Course materials:

  • Fire on Earth: An Introduction by Scott et al. This is available as a free e-book (Adobe Digital Editions) to UO students (requires login). If the previous link does not work, search for "Fire on Earth: An Introduction" on, then follow links.
  • Optional: Fire Ecology Ecology of the Pacific Northwest by Jim Agee. Island Press. (1993)
  • Additional materials will be posted on Be sure to consult the course schedule each week for up-to-date readings.

Expectations for the course

  1. Attend lecture and field trip(s).  Repeated absences will be noted and, more importantly, you will miss crucial information that will be on the exams.
  2. During lecture please be respectful of everyone's learning experience.  This includes:
    No talking amongst each other.  Please leave your social conversations for outside the classroom.  However, questions during lectures are encouraged.  If you have a question, raise your hand or catch me after class.
  3. Please don't leave in the middle of lecture. It is distracting for many people, including me. If you need to leave, then let me know before the lecture starts, then sit near an exit.
  4. Do not have your laptop open to surf the web.  Note-taking on laptops is OK.
    Cheating, such as copying material from other students on tests, will result in failing the test at a minimum and I will pass the information on to the Dean of Students.  In serious cases, you will flunk the class or be expelled from the university.
  5. Plagiarizing.  Plagiarizing occurs when you copy materials from other sources without citing the source (i.e., taking credit for someone else’s work), or copy someone else’s lab.  All students should be familiar with the material in this guide on avoiding plagiarism (
  6. Incomplete policy.  An “I” grade will be given only under the most unavoidable circumstances.  I can only provide minimal extra help for completing an I grade.  Incomplete grades must be completed during the summer.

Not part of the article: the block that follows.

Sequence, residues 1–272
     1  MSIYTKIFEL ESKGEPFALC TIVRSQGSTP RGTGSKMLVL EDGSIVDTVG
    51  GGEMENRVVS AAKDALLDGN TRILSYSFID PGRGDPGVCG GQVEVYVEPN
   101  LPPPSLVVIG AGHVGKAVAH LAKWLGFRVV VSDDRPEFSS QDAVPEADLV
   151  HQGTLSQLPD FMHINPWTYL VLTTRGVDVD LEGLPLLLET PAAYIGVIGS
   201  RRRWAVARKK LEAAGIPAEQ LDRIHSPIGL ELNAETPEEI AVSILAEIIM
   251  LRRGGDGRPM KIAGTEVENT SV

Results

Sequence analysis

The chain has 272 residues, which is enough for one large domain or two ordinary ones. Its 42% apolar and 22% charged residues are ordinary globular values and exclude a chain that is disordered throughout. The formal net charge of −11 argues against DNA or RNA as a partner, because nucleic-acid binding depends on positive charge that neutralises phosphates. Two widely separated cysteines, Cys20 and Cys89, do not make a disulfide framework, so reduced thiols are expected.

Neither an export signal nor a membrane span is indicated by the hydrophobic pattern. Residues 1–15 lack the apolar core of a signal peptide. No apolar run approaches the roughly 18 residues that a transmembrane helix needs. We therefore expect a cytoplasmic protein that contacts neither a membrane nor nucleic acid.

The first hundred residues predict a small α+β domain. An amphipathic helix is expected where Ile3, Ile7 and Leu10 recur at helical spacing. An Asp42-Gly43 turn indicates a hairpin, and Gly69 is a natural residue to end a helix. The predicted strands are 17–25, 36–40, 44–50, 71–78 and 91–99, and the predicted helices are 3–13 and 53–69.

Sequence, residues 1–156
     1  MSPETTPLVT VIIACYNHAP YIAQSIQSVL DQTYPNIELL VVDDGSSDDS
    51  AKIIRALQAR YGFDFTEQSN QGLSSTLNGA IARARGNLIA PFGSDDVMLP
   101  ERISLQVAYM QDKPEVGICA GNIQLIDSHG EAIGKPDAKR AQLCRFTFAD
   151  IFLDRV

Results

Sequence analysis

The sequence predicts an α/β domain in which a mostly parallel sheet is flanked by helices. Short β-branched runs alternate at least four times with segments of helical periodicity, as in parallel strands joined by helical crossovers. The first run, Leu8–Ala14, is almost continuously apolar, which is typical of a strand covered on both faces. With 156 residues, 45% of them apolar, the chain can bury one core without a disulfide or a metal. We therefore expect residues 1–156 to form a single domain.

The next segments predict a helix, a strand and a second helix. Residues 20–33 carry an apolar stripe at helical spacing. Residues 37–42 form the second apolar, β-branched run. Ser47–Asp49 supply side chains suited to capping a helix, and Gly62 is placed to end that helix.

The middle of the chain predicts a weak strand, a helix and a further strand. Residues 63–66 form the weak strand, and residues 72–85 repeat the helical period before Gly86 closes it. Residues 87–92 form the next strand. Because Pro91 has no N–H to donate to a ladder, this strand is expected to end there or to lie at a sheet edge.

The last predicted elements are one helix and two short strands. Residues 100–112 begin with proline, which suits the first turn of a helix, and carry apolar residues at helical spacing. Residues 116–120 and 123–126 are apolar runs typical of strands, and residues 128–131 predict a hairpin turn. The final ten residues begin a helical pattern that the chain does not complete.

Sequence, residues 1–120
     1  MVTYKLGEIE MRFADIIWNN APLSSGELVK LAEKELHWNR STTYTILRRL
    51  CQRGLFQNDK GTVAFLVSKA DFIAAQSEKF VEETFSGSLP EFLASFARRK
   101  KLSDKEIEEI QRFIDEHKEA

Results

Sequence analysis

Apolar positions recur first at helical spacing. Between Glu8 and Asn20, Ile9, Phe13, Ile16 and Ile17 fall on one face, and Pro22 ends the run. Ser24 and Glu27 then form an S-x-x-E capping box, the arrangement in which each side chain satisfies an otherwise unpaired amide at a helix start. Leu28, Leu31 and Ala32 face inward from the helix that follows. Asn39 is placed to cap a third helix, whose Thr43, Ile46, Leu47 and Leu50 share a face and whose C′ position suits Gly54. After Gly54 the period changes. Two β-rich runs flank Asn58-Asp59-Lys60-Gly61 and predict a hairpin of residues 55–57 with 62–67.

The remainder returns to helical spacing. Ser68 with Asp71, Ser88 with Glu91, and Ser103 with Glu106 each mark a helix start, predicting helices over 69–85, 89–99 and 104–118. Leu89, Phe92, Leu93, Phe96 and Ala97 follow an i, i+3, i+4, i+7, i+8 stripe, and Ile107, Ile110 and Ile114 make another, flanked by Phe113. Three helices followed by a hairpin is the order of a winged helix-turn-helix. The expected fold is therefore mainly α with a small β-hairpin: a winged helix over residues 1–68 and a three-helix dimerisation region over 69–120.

7. Disabilities: I will accommodate all disabilities; please let me know early in the course what these may be. However, effectively participating on the field trips will require hiking distances of up to three miles and being exposed to intense sun or cold rain.

Both undergraduates and graduate students will write a final paper. Details will be presented in a separate document (see Canvas pages). The goals of the paper will be to:

  • Learn to write for a broad audience a balanced article addressing a clearly defined topic.
  • Learn to synthesize data and information from several scientific disciplines
  • Address how scientific data are used in the public policy arena, in the context of your topic.
Field trip report (for the October 12 field trip): A one-page (double-spaced) response to a theme explained at the start of the field trip and discussed on Monday after the trip.  Alternative assignments regarding the assigned reading will be given to students who cannot attend the field trip.  (15% total grade).

One homework exercise TBD.
One exam.  Exam (30% total grade): Closed notes. Multiple choice and very-short answers.  Graduate students will have 50% fewer multiple-choice questions and will have short-answer questions allowing for a longer written answer.  

Wikipedia articles related to this course: Wildfire | Firestorm | Complex_early_seral_forest | Fire_ecology | Disturbance_(ecology) | Patch_dynamics | and several others, for example, on other forms of natural disturbance (landslides, floods (and tropical cyclone-induced flooding), ice storms, insect outbreaks, wind events, beaver activity, drought).

Topics falling outside the scope of this course:

Department of Geography, University of Oregon
Modified May 2019